11.2.1 Cephalopoda Stem Groups


Above: A reconstruction of the Silurian stem-group cephalopod Phragmoceras (a Discosorid) (identified by arrow). This diorama was once on display at the Smithsonian Institution National Museum of Natural History, but now resides at the Paleontological Research Institution, Ithaca, New York. Photograph by Jonathan R. Hendricks.

Overview

Crown-group Cephalopoda includes the shared common ancestor of Nautilus and all extant coleiods (squids, cuttlefish, and octopods), as well as all of the descendants of this common ancestor, which is thought to have lived during the late Silurian (~416 Ma) (Kröger et al., 2011). A wide diversity of Paleozoic cephalopods are thought to be phylogenetically basal to the common ancestor of crown group cephalopods, making them stem-group cephalopods.


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Highly simplified overview of cephalopod phylogeny based in part on the hypothesis of relationships presented by Kröger et al. (2011). Image by Jonathan R. Hendricks.


In a recent review, Kröger et al. (2011) noted that a “repeating theme” among stem-group cephalopods was “the evolution of coiled conchs” and that “[s]imliar conch morphologies evolved repeatedly and independently in a number of lineages” (p. 607). Because of such evolutionary convergence, determination of phylogenetic relationships among different groups of stem-group cephalopods is challenging. Overall shell shape and internal shell features (such as the position of the siphuncle) are important for recognizing different groupings.

Some examples of stem-group cephalopod taxa are the Discosorida, the Plectronocerida, the Ellesmerocerida, and the Oncocerida. Fossil representatives of a couple of these groups are shown below.

Detailed information about Ordovician oncocerids from the Cincinnati region may be found on the Ordovician Atlas of Ancient Life.

Discosorida

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Westonoceras from the Ordovician Galena Fm. of Fillmore County, Minnesota (PRI 70364). This taxon has a cyrtoconic shell. An interactive 3D model of this specimen is below. Image by Jonathan R. Hendricks.


Interactive 3D model of Westonoceras sp. from the Ordovician Galena Formation of Fillmore County, Minnesota. Specimen is from the collections of the Paleontological Research Institution (PRI 70364). Maximum length of specimen (not including surrounding rock matrix) is approximately 5.5 cm. A photograph of this specimen is immediately above. Model by Emily Hauf; Creative Commons Attribution-ShareAlike 4.0 International license (CC BY-SA 4.0).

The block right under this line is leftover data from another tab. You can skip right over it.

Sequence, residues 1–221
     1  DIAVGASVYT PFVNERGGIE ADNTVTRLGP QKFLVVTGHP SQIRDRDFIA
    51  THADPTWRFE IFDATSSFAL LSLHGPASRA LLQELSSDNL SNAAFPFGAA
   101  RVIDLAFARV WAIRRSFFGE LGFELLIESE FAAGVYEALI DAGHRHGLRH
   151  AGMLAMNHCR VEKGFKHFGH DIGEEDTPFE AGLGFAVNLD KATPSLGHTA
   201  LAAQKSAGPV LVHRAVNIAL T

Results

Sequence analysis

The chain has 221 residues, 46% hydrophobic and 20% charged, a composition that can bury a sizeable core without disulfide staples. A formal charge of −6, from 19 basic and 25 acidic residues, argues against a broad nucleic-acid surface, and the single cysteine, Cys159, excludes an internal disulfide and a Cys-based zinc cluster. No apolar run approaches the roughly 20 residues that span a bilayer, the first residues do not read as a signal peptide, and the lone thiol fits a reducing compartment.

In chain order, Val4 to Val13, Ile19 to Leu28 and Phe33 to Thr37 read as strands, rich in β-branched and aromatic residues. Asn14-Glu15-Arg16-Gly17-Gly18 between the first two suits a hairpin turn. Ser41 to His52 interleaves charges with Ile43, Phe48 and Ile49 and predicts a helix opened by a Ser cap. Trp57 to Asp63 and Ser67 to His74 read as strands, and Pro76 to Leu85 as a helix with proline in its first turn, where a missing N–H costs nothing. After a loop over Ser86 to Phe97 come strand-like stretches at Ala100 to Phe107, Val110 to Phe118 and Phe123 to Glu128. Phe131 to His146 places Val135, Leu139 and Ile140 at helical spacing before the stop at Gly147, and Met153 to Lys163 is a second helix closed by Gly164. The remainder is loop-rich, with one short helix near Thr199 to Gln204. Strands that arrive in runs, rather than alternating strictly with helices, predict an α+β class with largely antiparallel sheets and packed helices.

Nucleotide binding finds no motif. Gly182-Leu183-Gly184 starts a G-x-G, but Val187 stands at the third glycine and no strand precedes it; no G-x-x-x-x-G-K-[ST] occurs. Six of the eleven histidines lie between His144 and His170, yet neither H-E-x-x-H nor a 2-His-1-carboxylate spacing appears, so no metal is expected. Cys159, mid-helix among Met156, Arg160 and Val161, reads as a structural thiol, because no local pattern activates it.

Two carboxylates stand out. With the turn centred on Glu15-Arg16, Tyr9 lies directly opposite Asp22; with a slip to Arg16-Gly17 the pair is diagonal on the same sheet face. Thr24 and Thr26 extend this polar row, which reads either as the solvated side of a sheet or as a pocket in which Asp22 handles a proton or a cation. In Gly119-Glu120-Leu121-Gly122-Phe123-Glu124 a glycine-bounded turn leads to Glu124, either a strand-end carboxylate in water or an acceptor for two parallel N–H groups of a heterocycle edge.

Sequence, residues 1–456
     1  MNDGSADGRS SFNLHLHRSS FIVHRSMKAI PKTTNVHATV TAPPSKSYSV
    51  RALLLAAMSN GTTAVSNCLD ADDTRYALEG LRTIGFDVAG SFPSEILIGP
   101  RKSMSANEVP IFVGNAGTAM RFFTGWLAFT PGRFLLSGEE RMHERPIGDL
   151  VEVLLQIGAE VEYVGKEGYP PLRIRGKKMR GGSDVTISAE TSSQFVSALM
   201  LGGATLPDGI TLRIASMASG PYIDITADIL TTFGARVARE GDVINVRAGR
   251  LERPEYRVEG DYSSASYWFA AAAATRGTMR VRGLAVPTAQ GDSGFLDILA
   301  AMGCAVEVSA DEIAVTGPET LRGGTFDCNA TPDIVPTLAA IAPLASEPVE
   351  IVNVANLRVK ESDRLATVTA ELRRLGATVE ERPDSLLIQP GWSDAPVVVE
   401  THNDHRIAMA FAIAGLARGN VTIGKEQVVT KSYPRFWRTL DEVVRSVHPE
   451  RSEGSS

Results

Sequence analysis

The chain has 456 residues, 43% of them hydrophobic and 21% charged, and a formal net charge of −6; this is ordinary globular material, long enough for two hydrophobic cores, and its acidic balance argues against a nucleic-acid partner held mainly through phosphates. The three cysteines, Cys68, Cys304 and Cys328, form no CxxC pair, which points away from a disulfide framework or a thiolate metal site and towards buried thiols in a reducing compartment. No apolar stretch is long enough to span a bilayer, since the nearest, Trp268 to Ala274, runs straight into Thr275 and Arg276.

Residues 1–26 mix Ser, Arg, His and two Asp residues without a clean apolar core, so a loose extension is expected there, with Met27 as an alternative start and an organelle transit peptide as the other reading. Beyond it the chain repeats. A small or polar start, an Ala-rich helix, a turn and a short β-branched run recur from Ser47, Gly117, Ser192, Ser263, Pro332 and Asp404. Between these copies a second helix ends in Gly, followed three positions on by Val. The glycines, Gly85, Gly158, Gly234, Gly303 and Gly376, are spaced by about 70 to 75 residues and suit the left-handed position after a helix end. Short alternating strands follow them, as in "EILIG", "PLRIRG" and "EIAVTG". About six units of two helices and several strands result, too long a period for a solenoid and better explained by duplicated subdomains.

Oncocerida

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Cyrtoceras circumflexum from Bohemia (PRI 70325). Shell is a cyrtoconic longicone. Image by Jonathan R. Hendricks.


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Cyrtoceras aequale from Bohemia (PRI 70586). Shell is a cyrtoconic longicone. An interactive 3D model of this specimen is below. Image by Jonathan R. Hendricks.


Interactive 3D model of Oxygonioceras aequale from the Silurian of Prague, Czech Republic. Specimen is from the collections of the Paleontological Research Institution ((PRI 70586). Maximum length of specimen is approximately 9 cm. A photogram of this specimen is immediately above. Model by Emily Hauf; Creative Commons Attribution-ShareAlike 4.0 International license (CC BY-SA 4.0).


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A polished cross-section of Cyrtoceras aequale, showing the position of the siphuncle near the shell wall. Specimen (PRI 70585) is from Bohemia. Shell is a cyrtoconic longicone. Image by Jonathan R. Hendricks.


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Beloitoceras houghtoni from the Ordovician Platteville Limestone of Beloit, Illinois (PRI 70320). Shell is an orthoconic brevicone. Image by Jonathan R. Hendricks.


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Acleistoceras fischeri from the Devonian Cherry Valley Limestone of Otsego County, New York (PRI 70588). The shell of this species is a brevicone. Image by Jonathan R. Hendricks.

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Gomphoceras? sp. from the Silurian of Czechoslovakia (PRI 70583). The shell of this taxon is an orthoconic brevicone. Note that the identification of this specimen is questionable. An interactive 3D model of this specimen is below. Image by Jonathan R. Hendricks.


Interactive 3D model of Gomphoceras? sp. from the Silurian of Prague, Czech Republic (PRI 70583). Specimen is from the collections of the Paleontological Research Institution. Maximum length of specimen is approximately 7 cm. A photograph of this specimen is immediately above. Model by Emily Hauf; Creative Commons Attribution-ShareAlike 4.0 International license (CC BY-SA 4.0).

References and further reading

Kröger, B., J. Vinther, and D. Fuchs. 2011. Cephalopod origin and evolution: a congruent picture emerging from fossils, development and molecules. Bioessays 33: 602-613. Link.

Teichert, C., B. Kummel, W. C. Sweet, H. B. Stenzel, W. M. Furnish, B. F. Glenister, H. K. Erben, R. C. Moore, and D. E. Nodine Zeller. 1964. Treatise on Invertebrate Paleontology, Part K, Mollusca 3. The Geological Society of America and The University of Kansas Press, Lawrence, 519 pp.

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Unless otherwise indicated, the written and visual content on this page is licensed under a Creative Commons Attribution-NonCommercial-ShareAlike 4.0 International License. This page was written by Jonathan R. Hendricks. See captions of individual images for attributions. See original source material for licenses associated with video and/or 3D model content.